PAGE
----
- Stay hydrated! Before, during, and after your runs and rides. A cup of water 10 minutes before exercise is not enough.
- When possible don't run or ride alone.
- Run early in the morning or later in the afternoon.
- Always let someone know when your are going out. Tell them your route, and when you should be done. Even if it is a neighbor. Tell somebody.
- Can't find a person to tell? Leave a message on your home answering machine.
- Take an ID and if possible carry a cell phone. (I strongly recommend a RoadID)
- Last but most important. . . listen to your body. It is sometimes smarter than your head.
Wednesday, June 10, 2009
In the past we held back a reserve of race brochures to promote at later dates. We are not doing that in 2009. We want to get brochures out everywhere possible as soon as possible, and we have a lot of them! RMEC, we need your help. I have brochures with me all of the time, so ask if you need a stack. I will also have them at our group runs to pass out. You can take 10, or take 100. Just get them on display!
Think of creative places to put them out, but always ask for permission if there are any doubts. One thing that the Fun Run for Charities demonstrated is that by blanketing an area you can increase awareness and increase registrations. We operate a very lean budget for our races, but can still take full advantage of our brochures without impacting our bottom line.
Derek and Jeff H (I know you still read the blog), I can mail some to you if there are some running stores to get them too in your areas.
I can also email anyone a color flier that you can print as well. Here are the locations we have covered so far (or will be covered soon):
- YMCA - Rocky Mount
- Dental Care Offices
- Dunkin Donuts - Rocky Mount (don't laugh. . . this worked last year)
- RBC Bank - Main Building & Operations Building
- Raleigh Running Outfitters
- Omega Sports - Wilson
- Crowley's Gym - Roanoke Rapids
- Regency Gym - Wilson
- Subway - Rocky Mount
Where can you display some brochures?
Monday, June 08, 2009
And now…the rest of the story. Don’t be fooled by Michael’s always courteous race reports into thinking I know what I am doing with this race stuff! I thought I had it reasonably together this time and was still feeling mostly “on top of things” as I entered Transition 2. I took my time so I wouldn’t feel all scattered as I went out for the run. The nice volunteer at transition exit waved and said, “Good job.” In hindsight, it was probably to flag me down and there was an unuttered “Idiot” at the end of her greeting.
50 yards or so into the run the course took a right turn and people were lining the sides waving and cheering. Right at that turn, the elevator finally finished its halting route up to the top floor and I realized I STILL HAD MY BIKE HELMET ON MY HEAD. There was a lovely family at the corner that burst into laughter at the clearly audible “Oh crap” that burst from my mouth. I looked over at them with an obviously pleading expression and called, “Would you mind taking this for me?” as I unbuckled and tossed the embarrassing pink sucker onto the ground at their feet.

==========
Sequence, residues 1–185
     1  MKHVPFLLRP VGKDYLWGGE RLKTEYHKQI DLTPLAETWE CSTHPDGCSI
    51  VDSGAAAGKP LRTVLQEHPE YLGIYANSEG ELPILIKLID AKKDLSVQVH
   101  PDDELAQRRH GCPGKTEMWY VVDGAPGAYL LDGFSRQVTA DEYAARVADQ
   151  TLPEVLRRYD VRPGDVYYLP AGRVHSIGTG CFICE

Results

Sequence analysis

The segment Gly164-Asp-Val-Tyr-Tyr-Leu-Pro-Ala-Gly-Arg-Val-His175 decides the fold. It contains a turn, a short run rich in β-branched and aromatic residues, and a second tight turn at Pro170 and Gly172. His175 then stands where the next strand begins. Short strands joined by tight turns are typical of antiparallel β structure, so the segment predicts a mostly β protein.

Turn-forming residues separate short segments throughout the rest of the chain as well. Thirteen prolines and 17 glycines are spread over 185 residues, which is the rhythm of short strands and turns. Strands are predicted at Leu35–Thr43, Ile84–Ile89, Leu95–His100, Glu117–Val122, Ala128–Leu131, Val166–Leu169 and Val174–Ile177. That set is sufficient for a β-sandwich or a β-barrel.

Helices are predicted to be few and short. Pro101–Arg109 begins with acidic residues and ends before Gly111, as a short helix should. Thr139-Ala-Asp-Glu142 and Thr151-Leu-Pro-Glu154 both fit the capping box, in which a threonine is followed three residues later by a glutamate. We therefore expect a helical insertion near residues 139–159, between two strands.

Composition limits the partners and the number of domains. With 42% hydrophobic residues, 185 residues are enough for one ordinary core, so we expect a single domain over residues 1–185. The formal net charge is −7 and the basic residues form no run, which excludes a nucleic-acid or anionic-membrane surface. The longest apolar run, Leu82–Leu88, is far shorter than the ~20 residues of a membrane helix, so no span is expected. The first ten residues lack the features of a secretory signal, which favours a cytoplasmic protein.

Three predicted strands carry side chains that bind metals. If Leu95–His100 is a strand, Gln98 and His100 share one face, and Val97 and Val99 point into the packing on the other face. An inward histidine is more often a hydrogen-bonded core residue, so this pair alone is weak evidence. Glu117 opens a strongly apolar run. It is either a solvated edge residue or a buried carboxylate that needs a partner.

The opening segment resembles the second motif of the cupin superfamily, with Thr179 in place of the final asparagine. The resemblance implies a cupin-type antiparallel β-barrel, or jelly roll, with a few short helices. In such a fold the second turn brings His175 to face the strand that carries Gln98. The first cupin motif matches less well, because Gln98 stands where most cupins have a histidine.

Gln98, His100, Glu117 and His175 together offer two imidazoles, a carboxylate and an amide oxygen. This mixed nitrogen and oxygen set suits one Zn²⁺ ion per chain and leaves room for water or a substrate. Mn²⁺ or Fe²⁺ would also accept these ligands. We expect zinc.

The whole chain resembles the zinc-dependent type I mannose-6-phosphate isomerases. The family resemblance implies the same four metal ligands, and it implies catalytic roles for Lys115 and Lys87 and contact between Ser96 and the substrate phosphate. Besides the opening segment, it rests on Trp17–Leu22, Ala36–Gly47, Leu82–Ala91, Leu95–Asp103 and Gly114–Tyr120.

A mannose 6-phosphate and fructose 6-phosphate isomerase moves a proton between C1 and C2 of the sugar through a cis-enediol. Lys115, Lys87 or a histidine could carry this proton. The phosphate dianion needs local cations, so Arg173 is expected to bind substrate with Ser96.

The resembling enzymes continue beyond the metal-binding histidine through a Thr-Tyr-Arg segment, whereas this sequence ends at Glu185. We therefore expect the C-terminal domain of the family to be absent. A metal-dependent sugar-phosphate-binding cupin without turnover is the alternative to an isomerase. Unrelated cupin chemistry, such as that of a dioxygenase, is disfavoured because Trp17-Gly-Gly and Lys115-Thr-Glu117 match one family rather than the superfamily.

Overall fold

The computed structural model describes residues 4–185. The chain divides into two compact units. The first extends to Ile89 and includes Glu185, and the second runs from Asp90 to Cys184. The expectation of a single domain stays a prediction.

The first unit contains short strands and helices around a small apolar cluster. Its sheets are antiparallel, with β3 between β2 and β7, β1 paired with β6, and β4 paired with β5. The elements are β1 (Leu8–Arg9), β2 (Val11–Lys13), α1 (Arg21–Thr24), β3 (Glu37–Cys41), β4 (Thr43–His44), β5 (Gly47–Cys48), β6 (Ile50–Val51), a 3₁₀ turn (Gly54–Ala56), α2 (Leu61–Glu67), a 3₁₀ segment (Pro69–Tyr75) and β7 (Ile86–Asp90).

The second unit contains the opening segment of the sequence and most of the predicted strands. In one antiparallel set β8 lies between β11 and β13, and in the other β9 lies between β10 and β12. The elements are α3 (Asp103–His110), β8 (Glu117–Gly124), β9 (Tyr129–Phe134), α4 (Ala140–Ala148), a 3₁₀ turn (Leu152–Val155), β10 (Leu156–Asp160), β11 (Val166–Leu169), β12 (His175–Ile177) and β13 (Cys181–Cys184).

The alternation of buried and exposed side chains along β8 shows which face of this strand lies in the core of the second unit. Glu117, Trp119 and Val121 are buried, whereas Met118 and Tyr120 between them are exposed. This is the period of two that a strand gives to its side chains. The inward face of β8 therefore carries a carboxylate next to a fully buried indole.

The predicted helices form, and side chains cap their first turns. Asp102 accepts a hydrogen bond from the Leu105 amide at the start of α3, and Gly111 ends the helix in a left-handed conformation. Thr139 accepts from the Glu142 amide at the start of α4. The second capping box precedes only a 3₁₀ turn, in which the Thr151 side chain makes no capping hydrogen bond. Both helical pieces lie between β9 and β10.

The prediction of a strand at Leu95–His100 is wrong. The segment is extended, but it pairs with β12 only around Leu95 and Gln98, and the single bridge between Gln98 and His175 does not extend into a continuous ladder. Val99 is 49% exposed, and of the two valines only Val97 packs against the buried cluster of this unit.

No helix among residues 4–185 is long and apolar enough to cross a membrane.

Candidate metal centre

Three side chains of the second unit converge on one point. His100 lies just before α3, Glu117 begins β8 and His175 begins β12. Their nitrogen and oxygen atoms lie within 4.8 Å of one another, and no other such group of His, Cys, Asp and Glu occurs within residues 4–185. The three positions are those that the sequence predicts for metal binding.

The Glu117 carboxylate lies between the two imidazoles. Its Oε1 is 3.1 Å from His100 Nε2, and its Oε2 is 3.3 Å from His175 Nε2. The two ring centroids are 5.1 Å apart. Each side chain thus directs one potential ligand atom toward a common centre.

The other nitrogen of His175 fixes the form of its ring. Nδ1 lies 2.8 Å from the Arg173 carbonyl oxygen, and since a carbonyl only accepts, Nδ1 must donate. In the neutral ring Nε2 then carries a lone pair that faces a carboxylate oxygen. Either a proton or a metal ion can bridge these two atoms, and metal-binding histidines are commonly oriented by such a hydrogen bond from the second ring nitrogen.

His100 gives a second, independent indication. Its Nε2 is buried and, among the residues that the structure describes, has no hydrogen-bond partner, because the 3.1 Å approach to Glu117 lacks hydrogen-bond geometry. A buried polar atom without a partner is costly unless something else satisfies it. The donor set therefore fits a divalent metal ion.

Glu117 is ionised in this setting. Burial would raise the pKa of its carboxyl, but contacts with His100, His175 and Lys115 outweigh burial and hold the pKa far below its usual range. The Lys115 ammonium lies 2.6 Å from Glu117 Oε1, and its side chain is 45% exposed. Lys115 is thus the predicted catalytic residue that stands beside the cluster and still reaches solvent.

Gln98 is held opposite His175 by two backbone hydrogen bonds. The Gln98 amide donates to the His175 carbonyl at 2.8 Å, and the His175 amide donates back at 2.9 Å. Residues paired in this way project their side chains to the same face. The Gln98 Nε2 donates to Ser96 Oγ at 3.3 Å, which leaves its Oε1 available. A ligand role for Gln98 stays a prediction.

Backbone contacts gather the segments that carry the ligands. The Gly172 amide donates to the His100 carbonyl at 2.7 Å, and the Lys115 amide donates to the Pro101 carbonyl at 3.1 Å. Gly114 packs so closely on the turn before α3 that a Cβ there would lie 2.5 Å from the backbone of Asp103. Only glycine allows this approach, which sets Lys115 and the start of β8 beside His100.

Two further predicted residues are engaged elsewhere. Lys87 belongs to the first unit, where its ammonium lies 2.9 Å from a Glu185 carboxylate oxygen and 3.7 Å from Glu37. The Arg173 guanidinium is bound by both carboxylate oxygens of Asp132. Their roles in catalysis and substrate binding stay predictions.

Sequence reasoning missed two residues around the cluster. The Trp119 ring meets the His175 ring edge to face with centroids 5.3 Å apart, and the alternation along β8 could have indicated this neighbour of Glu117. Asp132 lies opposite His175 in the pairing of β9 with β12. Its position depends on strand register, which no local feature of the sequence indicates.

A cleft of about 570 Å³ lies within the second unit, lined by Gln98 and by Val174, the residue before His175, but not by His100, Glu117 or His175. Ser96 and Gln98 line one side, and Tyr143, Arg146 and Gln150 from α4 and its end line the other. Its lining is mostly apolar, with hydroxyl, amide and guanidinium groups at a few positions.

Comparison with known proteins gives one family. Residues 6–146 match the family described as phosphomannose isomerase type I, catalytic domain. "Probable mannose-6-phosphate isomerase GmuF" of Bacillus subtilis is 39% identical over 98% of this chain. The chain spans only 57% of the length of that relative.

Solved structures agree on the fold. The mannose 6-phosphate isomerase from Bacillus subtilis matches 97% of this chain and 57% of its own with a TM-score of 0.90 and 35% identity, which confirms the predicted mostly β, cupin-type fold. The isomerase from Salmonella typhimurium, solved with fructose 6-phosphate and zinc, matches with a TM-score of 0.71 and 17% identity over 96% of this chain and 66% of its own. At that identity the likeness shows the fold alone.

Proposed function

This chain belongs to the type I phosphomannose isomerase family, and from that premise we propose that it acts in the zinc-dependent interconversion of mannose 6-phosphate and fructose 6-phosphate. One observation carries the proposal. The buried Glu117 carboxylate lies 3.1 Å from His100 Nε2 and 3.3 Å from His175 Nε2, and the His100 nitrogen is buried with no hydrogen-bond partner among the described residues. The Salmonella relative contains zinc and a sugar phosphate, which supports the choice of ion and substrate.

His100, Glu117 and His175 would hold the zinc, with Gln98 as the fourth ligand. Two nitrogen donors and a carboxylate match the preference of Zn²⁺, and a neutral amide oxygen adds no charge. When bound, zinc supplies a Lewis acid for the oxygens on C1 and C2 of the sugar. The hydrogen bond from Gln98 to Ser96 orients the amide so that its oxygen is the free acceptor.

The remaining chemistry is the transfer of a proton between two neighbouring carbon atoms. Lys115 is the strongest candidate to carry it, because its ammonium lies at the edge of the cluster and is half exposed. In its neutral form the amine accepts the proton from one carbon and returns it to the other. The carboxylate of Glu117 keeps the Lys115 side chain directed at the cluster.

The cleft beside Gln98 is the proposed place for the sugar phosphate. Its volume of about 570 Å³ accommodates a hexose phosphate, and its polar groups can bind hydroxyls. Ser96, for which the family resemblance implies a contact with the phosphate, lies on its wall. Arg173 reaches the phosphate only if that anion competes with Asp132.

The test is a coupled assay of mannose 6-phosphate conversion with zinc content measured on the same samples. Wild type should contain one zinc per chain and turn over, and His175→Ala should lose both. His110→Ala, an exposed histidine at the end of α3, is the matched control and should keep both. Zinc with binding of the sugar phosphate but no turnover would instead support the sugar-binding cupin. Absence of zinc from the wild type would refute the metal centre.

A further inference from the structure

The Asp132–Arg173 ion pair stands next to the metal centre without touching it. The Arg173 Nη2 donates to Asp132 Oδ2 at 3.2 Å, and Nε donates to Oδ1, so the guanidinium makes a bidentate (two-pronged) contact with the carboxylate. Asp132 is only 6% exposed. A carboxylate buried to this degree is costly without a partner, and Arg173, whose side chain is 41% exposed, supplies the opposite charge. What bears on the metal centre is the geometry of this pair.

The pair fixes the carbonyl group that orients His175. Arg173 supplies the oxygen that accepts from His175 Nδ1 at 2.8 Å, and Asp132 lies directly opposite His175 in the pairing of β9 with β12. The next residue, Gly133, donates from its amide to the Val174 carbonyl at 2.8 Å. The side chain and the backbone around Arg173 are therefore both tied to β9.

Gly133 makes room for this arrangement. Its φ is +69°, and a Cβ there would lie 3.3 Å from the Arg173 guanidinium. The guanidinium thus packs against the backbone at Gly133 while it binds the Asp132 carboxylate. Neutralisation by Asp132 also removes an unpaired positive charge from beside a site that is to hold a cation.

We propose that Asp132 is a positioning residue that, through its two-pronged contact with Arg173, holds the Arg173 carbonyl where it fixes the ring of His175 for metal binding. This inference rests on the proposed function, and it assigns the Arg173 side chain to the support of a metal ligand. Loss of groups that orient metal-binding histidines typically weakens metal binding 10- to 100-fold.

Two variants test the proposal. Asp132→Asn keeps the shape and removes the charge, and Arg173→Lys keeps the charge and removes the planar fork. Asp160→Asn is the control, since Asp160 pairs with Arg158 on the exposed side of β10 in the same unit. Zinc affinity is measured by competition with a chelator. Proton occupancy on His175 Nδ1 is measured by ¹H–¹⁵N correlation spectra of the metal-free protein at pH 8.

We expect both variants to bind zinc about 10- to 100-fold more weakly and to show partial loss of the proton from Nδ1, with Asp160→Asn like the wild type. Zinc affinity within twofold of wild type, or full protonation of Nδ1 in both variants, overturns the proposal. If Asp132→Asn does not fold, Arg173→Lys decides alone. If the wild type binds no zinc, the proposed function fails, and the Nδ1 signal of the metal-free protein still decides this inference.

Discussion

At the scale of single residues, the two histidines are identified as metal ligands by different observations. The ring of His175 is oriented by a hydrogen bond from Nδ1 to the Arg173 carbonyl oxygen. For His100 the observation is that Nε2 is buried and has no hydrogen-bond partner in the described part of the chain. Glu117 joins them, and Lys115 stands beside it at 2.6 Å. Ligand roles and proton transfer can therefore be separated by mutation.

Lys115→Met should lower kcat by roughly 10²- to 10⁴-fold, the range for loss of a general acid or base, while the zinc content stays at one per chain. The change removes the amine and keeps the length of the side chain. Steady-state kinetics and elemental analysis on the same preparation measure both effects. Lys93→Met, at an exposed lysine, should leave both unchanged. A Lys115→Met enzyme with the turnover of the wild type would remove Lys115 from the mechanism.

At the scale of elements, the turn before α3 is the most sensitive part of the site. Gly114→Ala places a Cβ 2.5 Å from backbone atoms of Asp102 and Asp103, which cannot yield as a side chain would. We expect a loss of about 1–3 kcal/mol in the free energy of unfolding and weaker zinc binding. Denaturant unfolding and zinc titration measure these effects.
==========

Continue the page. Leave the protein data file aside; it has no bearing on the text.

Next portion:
Well, in true triathlete style, as these are the nicest, most supportive folks you can ever expect to meet, at the end of the race I found my bike helmet perched on my bike where they had obviously delivered it. My biggest race regret is not my own idiocy, I’m rather used to that, but that I never knew who they were to thank them.
Submitted By: Ron Flemming
This marathon is way off the beaten path up in northern Pennsylvania. It's a point-to-point course starting in a small town called Galeton and ending in another small town call Coudersport. There were 162 finishers.
To get to Coudersport, where we stayed, we had to drive through Galeton and then drive the course, up the hell, I mean hill, into town. Getting to drive and see the course was much anticipated because I had seen the elevation chart and it was very intimidating. Miles 1-17 were all uphill. 15-17 were very steep. Mile 18 was the peak.
We did packet pickup and pasta dinner at the Coudersport fire department and had an early night. The morning of the race we met other runners at the finish and we were shuttled to Galeton in an old school bus. The bus took us back "down" Route 6 to Galeton High School where the start was.
The strategy....Go slooow...I wanted to really pace myself through the peak and have enough in me to run backside of the hill respectably. The first mile or so took us away from the direction of the finish and we did an out and back and then weaved back through a few blocks of Galeton. I think around mile 3 or 4 we got on Route 6 and started the climb toward Coudersport. We ran on the left side of the highway with oncoming traffic. There was plenty of room and not a whole lot of traffic.
I managed to keep a pretty slow pace and worked in some walk-run up the steeper hills and usually while drinking the fluids I picked up at the aid stations. They had aid stations every mile and that was awesome. Every 5 miles they had GUs. The aid stations really seemed to come quick and break up the monotony of the lonely road. Again, there weren't many runners, so conversation was scarce.
Route 6, the longest segment of the course, was pretty much just a country road through the mountains. It was beautiful. But there was the weirdest thing...In between the white line and the actual shoulder of the road, there were caterpillars everywhere...You could hear them popping with each step. It sounded like bubble wrap. I even have a couple stains on the top of my shoes from caterpillar splatter. One guy that ran a little bit in front of me for a while was running almost in the center of the road when there wasn't oncoming traffic...I quickly realized that was the thing to do. There was also a couple feet of packed cinder/small gravel just off the shoulder of the road that was nice to run on, so I took advantage of that as well...which eventually landed me a rock in the left shoe around mile 22.